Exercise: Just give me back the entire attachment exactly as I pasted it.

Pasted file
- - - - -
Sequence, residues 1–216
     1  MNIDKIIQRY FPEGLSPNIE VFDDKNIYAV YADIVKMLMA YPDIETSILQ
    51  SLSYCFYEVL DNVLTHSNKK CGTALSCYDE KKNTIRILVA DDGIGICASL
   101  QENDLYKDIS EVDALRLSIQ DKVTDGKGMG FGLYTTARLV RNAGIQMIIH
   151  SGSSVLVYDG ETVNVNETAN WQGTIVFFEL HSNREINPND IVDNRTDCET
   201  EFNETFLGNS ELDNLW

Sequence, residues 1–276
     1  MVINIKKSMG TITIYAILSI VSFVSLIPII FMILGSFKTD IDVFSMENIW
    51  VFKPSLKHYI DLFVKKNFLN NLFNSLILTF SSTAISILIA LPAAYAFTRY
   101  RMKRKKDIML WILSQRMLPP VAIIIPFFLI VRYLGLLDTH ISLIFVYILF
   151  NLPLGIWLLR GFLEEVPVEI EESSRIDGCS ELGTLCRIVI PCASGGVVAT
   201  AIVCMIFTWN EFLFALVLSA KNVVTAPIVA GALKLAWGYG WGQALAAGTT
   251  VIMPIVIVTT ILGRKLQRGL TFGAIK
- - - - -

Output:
Sequence, residues 1–216
     1  MNIDKIIQRY FPEGLSPNIE VFDDKNIYAV YADIVKMLMA YPDIETSILQ
    51  SLSYCFYEVL DNVLTHSNKK CGTALSCYDE KKNTIRILVA DDGIGICASL
   101  QENDLYKDIS EVDALRLSIQ DKVTDGKGMG FGLYTTARLV RNAGIQMIIH
   151  SGSSVLVYDG ETVNVNETAN WQGTIVFFEL HSNREINPND IVDNRTDCET
   201  EFNETFLGNS ELDNLW

Sequence, residues 1–276
     1  MVINIKKSMG TITIYAILSI VSFVSLIPII FMILGSFKTD IDVFSMENIW
    51  VFKPSLKHYI DLFVKKNFLN NLFNSLILTF SSTAISILIA LPAAYAFTRY
   101  RMKRKKDIML WILSQRMLPP VAIIIPFFLI VRYLGLLDTH ISLIFVYILF
   151  NLPLGIWLLR GFLEEVPVEI EESSRIDGCS ELGTLCRIVI PCASGGVVAT
   201  AIVCMIFTWN EFLFALVLSA KNVVTAPIVA GALKLAWGYG WGQALAAGTT
   251  VIMPIVIVTT ILGRKLQRGL TFGAIK